Gunsan is a little town on the west coast about halfway down Korea. We took a bus down, one of those luxury three-seaters that are so comfortable that when they stop at a rest break you're already resting and miss it. When there are three seats from left to right, the aisle is no longer in the middle, but skewed and in line with overhanging compartments. It forced me to walk out with my head uncomfortably positioned directly above my left shoulder.
We were dropped off at the Gunsan bus station that had a little bit of ghetto about it. We started to stroll in the direction of what we believed to be a fine restaurant but only got deeper into a ghetto where the only food options would be those we caught ourselves. So we got a taxi back into town. This too was not so easy. The cabbie drove the wrong way for a while and as it seemed we were heading into a deeper wasteland I considered how it wasn't even easy to get back to square one in this place. He did have one good quality. As he drove he maintained double the speed limit and tailgated whenever the chance came up, and so while we lost money, it cost no time. Eventually, after 4,000 won of adventure, we had him make a U-turn.
We went past the oldest bakery in Korea, which is an achievement you wouldn't think hard to win. Who likes bread? Apparently though, this place has been doing business in the same spot since '45. You couldn’t get in for food easily either. No easier than finding the first restaurant. The line at 3pm went out the door and around the corner and was still like that when we went past for another try at 8. Jieun would have waited the estimated hour and a half just to be a part of history but it was pretty cold out. And when I line up for bread, I'd like to make it count. I'd like it to be in the midst of some kind of wheat shortage or when a tornado is coming and everybody is stocking up. In any event, they have another outlet in Seoul that you can walk into anytime you like.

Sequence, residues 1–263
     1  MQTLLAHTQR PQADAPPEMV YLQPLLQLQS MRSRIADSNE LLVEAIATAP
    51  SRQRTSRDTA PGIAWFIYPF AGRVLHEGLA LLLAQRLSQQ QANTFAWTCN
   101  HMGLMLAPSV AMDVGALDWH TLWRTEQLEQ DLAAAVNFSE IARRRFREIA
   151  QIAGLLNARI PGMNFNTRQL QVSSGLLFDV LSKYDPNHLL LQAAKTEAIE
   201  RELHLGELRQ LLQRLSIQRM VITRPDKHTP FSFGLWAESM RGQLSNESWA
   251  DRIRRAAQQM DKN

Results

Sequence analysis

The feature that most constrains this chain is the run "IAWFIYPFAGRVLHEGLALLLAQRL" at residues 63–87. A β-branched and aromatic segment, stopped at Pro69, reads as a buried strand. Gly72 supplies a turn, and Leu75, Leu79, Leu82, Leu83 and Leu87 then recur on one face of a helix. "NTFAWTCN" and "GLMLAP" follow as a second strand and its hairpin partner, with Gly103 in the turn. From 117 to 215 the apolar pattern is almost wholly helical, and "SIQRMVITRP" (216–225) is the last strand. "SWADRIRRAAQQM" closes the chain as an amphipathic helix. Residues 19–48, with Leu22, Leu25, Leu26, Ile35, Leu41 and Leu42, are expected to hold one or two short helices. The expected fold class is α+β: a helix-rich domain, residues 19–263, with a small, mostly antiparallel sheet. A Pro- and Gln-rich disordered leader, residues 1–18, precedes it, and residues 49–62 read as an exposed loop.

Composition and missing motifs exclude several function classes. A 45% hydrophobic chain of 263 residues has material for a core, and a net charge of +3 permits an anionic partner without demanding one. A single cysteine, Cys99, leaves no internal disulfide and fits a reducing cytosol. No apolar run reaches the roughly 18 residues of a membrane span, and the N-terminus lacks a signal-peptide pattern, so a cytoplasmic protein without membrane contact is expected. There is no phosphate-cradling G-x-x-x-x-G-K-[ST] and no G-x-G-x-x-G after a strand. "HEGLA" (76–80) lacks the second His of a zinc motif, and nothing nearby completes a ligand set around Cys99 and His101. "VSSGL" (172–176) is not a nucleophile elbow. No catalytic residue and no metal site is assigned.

The shtick of Gunsan was that it was a colonial port town that didn’t necessarily rid itself of all evidence of colonialism. There was no purge. No good riddance to buildings and such. Order was restored and the new guys probably saw some stuff and said, "hey I didn't like those guys, but we might as well keep some of this stuff here."
They have a Buddhist Temple inspired by the colonialists that the monks decided to keep. There is also a bank and post office and things like that still standing in their original style. We walked into the bank. An exhibition by a Korean artist was on display in the central area. If you went off to the side on the other side of a partition, you'd see a bit of history. There was a black and white picture of a group of guys and a caption that said, "forced labor exploited to work rice paddies." Apparently the nearby farms grew top-notch rice. I believe the rice of the area is still good because you could see plenty of guys and ladies riding bikes with big sacks on the back. They looked pretty happy because they were carting it home for dinner.
The museum next door to the bank had plenty of role-playing options to take you back to what life may have been like. There was a small store, a cinema playing black and white on an old reel etc. You could even try on the garment of a farmer or officer and pose for a picture. In fact, this museum was where the picture thing got taken to an insanely extreme level. I think they set it up like that just to mess with me. Throughout the museum all I could hear were people going, "1-2-3" before a camera went off. The first few times I waited politely just to the side of their shot. Later I ignored all countdowns.
In one shot you could stand next to some Korean farmers who were in the background. On the side some colonial troops pointed guns at you. Plenty of people lined up to be in that photo and none of them were armed.
A shoe store had some wooden shoes to try on, which hurt. They told you that rubber shoes were particularly rare and at that time, the greatest gift a kid might get. In 1929 an anonymous benefactor sent scores of pairs over to a kids poor night school. That touched me for a few moments. And then my skeptical side wondered if all those pairs made it. I hoped they did. I hoped the teachers didn’t stick any aside for their own kids.
We left this place, as a local lad was out front taking a photo of the building. He didn’t need to say 1-2-3 because buildings don't generally smile. He needed to go back ever further to get it all in the frame. As we left, I looked back. He was backed onto the main road a little bit. I hoped his shot – and he himself - would turn out all right.